Dadamaino: just a hole in a canvas?
Born in Milan in 1930, Eduarda Emilia Maino took up art after completing a medical degree. She met Piero Manzoni in 1957 and soon they started a long-lasting friendship. One year later, after adhering to the Milanese avant-garde, Eduarda Emilia Maino created her first body of work, entitled “Volumi”. These “Volumes” consisted of great canvases interrupted by large elliptical holes, which somehow resemble Fontana’s cuts and holes.
Dadamaino, 'Volume', 1959
Dadamaino in her studio, Milan, 1995.
"I used to cut black canvases and obtain oval-shaped gashes. At times it was just one cut, as large as the entire painting. After this act of freedom, I used to be uncertain about how to go on with my work. The way came from Futrism. Behind those large holes I used to see a wall full of lights and shades that moved and vibrated. Suddenly I understood that was the aim of my research. Art had been static, except for a few. Art needed to be dynamic."
In 1959 she joined the Milan-based experimental group Azimuth, founded by Piero Manzoni, Enrico Castellani and Agostino Bonalumi. The group had multiple connections with Group Zero in Germany, Group Nul in the Netherlands and Group Motus in France. These artistic movements had a relevant influence on Maino’s works.
In 1961 the artist took part in a show in the Netherlands, where her name was mistakenly spelt as “Dadamaino”. From 1963-64 onwards she would adopt this as her name.
In the first half of 1960, particularly fascinated with the idea of movement, she created a series of optical-dynamic objects, followed by the "Ricerca del colore" (1966-68), series in which she undertook a scrupulous analysis of the solar spectrum’s chromatic combinations.
Dadamaino, 'Ricerca del colore', 1968
In 1970 Dadamaino’s work took on a new different direction: Maino developed “L’Alfabeto della mente”, a series of seven alphabet-like signs repeated on paper. Dadamaino filled her compositions by selecting one sign at the time and repeating it endlessly, throughout multiplication and hoarding. Thanks to innovative solutions and materials, she gave life to a rich corpus centred on the subconscious. She resorted to the same set of signs in her following cycle, "I fatti della vita", which she exhibited in a solo room at the Venice Biennale in 1980.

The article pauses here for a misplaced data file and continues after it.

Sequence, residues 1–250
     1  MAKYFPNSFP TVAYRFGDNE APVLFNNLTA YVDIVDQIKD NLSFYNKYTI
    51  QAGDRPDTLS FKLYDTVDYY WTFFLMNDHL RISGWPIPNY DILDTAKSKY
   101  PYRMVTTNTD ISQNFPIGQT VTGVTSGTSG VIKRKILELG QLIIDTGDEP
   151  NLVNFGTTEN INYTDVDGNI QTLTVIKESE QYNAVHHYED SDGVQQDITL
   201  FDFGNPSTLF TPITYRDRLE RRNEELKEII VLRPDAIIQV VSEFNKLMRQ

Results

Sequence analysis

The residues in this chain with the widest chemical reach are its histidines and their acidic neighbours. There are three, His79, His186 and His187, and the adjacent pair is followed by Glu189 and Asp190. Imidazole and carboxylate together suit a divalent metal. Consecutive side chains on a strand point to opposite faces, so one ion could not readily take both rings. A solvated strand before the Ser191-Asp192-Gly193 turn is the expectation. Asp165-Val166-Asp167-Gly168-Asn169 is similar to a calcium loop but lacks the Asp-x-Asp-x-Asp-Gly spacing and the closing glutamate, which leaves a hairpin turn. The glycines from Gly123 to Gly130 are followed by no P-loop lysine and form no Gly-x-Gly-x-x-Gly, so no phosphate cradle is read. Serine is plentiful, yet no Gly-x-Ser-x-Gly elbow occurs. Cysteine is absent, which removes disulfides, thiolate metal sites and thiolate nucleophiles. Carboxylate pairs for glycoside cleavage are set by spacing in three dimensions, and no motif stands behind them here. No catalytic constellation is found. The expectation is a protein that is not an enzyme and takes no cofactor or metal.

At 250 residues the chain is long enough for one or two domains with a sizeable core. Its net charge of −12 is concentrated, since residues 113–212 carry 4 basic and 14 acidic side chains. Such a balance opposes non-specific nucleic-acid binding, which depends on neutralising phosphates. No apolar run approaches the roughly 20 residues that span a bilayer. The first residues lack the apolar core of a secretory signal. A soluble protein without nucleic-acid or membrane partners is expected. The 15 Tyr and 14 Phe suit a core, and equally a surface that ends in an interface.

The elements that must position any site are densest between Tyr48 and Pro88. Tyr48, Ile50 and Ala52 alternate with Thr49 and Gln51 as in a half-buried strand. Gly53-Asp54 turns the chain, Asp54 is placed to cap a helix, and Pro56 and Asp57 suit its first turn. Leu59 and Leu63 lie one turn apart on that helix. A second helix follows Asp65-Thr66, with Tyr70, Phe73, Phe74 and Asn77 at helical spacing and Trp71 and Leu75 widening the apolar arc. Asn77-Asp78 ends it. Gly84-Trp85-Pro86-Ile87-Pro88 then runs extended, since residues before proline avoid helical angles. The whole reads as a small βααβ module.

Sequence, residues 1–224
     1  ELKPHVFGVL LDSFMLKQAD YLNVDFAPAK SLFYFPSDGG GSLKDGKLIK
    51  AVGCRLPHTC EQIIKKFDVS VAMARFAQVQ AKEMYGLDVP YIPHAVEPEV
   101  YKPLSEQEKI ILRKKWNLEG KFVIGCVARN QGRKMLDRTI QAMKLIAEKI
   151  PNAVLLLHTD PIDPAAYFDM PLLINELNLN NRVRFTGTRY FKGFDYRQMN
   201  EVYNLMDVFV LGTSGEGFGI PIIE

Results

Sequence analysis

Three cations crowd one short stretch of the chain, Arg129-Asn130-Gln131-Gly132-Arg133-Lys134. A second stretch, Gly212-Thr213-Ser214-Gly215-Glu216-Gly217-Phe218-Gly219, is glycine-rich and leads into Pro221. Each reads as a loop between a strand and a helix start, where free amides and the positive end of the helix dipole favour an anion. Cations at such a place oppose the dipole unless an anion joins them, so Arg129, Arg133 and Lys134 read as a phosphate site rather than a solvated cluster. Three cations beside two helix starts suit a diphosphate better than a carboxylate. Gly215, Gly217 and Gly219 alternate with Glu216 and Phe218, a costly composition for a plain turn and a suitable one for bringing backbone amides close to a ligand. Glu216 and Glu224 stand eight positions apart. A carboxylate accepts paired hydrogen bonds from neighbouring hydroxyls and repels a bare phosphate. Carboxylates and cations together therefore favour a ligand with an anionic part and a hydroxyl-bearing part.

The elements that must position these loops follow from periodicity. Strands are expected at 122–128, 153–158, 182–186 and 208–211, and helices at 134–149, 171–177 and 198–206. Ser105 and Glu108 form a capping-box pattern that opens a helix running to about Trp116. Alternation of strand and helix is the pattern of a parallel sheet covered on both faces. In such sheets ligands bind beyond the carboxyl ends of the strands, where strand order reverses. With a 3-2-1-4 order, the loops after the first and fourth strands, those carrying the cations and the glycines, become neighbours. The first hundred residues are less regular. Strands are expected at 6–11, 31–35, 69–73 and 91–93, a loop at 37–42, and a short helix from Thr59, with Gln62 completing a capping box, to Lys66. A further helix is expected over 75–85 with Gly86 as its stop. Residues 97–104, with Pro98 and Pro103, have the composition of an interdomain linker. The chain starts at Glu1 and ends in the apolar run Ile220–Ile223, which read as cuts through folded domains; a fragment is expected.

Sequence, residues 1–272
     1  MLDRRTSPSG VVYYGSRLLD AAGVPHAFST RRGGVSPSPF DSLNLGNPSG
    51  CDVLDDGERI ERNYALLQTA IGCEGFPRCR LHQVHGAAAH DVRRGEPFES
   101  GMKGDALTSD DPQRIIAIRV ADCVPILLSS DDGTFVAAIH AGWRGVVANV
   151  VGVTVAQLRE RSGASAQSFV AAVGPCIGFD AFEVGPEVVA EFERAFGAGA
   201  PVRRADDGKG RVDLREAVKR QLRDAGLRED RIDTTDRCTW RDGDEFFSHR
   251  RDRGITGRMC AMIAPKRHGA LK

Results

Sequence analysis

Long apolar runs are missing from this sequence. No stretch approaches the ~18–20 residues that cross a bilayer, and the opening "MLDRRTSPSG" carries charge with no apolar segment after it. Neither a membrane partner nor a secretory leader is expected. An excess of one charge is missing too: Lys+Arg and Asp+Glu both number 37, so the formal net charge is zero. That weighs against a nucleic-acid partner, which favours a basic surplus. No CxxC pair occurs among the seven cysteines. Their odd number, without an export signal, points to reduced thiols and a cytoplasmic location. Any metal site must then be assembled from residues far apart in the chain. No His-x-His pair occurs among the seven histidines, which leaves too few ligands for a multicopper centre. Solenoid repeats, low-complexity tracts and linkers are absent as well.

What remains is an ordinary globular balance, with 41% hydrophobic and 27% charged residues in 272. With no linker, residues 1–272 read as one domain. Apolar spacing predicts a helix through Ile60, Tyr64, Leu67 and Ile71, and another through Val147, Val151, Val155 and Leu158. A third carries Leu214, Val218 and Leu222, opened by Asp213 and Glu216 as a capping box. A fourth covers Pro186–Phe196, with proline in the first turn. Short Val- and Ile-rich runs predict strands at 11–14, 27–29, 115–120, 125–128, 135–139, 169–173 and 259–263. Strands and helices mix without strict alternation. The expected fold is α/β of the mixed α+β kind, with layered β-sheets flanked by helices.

Dadamaino, 'L'alfabeto della Mente. Lettera 10', 1980
In 1983 a large retrospective of her work was organized by the Padiglione d’Arte Contemporanea (PAC) in Milan, and n 1990 she participated again in the Venice Biennale. A full retrospective of her work was mounted in 2000 by the Bochum museum in Bochum.
Dadamaino died in Milan ten years ago.
From the first of the "Volumi", then the "Inconsci Razionali" and "Alfabeti della mente", to her more recent "Movimenti delle cose", the artist irrepressible ability to perpetuate a refined lightness in all her works has shined out throughout the years.
As far as the art market is concerned, Dadamaino’s works are right now among the most requested and desired by European collectors. Their value is increasingly growing up. During the last Christie’s “Italian Sale” in London, a “Volume” 70 x 50 has been sold for £67’000 whereas during Sotheby's "Italian Sale" in London a "Volume" 140 x 120 has been sold for £122'500.